This week’s readings both broached the relationship of user-generated content (UGC) with traditional (i.e. “one-way” communications models). Although the two articles examined the phenomenon from markedly distinct perspectives, with one observing UGC on commercial sites in developed settings, the other UGC as content on both the internet and through traditional communications systems (video and radio) in the developing world, the two articles did find common ground.
From my perspective, one theme which bound the two articles together was summarized nicely in a rhetorical question in the Jonsson & Ornebring piece. “Are audience members addressed as user-citizens, or user-consumers, or some kind of combination of the two?” For Jonsson & Ornebring, the answer was both. UGC was seen not only as the act of participatory citizenship, but also a predictor of increased site use as well as a net-strengthener of future consumption behaviors. In short, participation, as the authors argued, became something of a branding exercise for the host news organizations.
In the Tacchi piece, a somewhat more troubling emphasis on the consumption side of UGC emerges. The author observes about research regarding EAN. Ironically, despite professing qualitative and participatory methods, the metrics used to assess the “success” of UGC in development and social change applications are the same ones we’ve always used. Tacchi makes an ambitious attempt to present the approach as somehow novel or locally sensitive, employing a plethora of buzzwords like “impact,” “qualitative,” “engagement,” et cetera, yet the section is rounded out: “This produces qualitative data in a way that aims to not only ‘prove’ impact to donor organizations, but also allow the organization to ‘improve’ its practices.”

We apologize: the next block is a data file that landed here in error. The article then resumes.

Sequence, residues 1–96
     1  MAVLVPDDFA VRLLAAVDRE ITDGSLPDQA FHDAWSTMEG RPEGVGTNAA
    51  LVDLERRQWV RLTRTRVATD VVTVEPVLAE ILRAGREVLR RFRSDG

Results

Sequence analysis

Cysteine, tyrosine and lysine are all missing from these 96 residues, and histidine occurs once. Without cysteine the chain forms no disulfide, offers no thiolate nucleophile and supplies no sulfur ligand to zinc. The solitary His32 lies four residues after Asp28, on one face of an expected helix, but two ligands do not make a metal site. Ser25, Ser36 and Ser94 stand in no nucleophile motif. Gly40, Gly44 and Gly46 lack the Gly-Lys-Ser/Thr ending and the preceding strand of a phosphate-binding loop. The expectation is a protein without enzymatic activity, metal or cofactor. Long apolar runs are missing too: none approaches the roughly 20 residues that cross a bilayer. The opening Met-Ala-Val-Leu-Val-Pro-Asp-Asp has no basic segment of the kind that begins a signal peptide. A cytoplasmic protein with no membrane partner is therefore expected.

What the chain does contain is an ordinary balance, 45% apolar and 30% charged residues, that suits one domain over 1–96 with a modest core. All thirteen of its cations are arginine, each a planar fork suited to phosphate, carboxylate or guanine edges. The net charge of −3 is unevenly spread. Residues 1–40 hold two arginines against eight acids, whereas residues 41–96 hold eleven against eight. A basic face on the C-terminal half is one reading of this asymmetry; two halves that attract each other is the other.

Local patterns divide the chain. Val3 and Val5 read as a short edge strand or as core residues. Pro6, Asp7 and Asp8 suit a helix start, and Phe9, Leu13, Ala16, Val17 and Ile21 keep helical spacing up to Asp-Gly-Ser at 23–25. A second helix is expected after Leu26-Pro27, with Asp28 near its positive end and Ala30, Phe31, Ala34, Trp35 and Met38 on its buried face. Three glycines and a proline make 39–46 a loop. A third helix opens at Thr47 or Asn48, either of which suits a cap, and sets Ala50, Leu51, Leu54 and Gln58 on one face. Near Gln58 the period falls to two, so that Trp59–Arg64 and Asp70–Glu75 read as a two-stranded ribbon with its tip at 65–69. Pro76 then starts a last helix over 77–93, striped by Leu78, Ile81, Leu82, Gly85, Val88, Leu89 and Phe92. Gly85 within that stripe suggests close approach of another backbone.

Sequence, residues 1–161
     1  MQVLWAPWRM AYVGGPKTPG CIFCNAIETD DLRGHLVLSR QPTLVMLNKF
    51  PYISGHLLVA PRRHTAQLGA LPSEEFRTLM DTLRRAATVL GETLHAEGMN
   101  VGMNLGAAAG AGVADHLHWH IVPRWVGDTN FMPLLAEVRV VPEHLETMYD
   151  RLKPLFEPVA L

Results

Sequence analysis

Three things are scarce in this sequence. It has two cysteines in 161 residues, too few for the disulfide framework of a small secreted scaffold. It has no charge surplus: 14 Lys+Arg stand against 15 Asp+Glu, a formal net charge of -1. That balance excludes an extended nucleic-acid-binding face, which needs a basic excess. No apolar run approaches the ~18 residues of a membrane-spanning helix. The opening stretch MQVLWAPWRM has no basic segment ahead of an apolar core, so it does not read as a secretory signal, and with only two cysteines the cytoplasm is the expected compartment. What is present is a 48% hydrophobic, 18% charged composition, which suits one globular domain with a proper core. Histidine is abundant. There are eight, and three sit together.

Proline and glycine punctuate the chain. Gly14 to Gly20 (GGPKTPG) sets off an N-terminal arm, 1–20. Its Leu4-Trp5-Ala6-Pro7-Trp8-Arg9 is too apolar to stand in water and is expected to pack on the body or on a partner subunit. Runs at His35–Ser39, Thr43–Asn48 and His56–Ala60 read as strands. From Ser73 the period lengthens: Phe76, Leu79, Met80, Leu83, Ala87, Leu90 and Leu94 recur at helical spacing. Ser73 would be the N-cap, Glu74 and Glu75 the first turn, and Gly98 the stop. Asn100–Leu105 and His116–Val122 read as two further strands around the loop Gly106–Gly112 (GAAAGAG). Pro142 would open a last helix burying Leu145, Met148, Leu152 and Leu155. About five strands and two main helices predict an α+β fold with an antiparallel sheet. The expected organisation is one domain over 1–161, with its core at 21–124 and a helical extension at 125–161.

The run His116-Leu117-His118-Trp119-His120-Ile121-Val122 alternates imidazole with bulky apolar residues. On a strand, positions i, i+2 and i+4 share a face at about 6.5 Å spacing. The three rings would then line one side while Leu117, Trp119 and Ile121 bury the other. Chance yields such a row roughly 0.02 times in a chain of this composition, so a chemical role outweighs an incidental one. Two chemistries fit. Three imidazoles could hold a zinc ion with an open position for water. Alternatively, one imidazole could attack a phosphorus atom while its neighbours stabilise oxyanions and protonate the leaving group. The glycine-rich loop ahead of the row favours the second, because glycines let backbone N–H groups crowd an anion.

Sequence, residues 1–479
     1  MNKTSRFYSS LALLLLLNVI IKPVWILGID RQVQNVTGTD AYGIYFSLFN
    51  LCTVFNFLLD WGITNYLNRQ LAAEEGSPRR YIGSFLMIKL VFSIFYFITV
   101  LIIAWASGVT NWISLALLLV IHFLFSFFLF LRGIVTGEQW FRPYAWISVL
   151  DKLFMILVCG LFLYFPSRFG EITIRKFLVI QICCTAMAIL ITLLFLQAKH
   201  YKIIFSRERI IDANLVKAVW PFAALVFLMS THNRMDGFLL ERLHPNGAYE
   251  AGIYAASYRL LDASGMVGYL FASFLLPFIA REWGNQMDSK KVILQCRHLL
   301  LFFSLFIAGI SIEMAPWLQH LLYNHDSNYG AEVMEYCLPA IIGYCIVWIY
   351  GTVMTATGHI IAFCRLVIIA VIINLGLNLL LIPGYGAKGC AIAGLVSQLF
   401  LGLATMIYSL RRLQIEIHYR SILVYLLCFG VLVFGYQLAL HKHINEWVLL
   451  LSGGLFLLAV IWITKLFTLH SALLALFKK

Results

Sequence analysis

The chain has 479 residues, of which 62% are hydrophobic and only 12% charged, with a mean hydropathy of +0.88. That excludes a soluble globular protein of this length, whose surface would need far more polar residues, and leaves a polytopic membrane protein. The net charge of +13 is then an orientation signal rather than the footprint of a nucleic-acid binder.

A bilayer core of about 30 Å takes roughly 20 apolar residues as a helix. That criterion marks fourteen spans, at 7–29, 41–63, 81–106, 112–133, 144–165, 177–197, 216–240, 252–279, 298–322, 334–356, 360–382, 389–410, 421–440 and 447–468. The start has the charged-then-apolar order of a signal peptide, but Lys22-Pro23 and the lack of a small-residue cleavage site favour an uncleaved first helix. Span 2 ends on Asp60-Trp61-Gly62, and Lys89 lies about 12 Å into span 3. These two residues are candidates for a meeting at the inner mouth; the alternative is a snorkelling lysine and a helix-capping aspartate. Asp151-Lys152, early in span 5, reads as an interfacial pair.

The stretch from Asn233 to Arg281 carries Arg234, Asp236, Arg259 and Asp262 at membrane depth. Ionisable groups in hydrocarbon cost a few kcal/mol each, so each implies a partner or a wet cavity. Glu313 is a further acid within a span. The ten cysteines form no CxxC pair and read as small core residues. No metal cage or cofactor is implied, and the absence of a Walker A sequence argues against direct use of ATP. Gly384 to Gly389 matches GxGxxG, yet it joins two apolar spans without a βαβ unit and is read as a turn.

This is to say that once the veneer is stripped off and the fancy lingo removed, the basic scenario is the same as that partially observed by Jonsson & Ornebring. For Jonsson & Ornebring, UGC is in part an effort to address user-consumers (i.e. the “old” communications business model). For Tacchi, new models are validated only through the application of antiquated metrics of “success” which serve to either maintain, increase, or end, “participatory” communications opportunities. (This is to say that both contexts, despite the optimistic premise of UGC, are still dependent on the traditional business models UGC claims to subvert. Replace “donor organizations” with “advertisers” and boom… Tacchi has officially discovered the media.)
As a field, communications scholars have this amazing tendency to perceive newness where in fact, it isn’t. (At one point, Tacchi discusses the exciting new, participatory communications system emerging in India called the radio.) As is my custom, an old South Park clip naturally leapt to mind. Equipping users with the tools to generate their own content isn’t necessarily a novel addition to communications, that’s pretty much how communications systems start.
The frustrating thing, though, is this isn’t necessarily the case. True participation and user-generated content can be tremendously powerful, however, this week’s papers struggled to differentiate the old from the new, a differentiation necessary for UGC to achieve it’s true potential.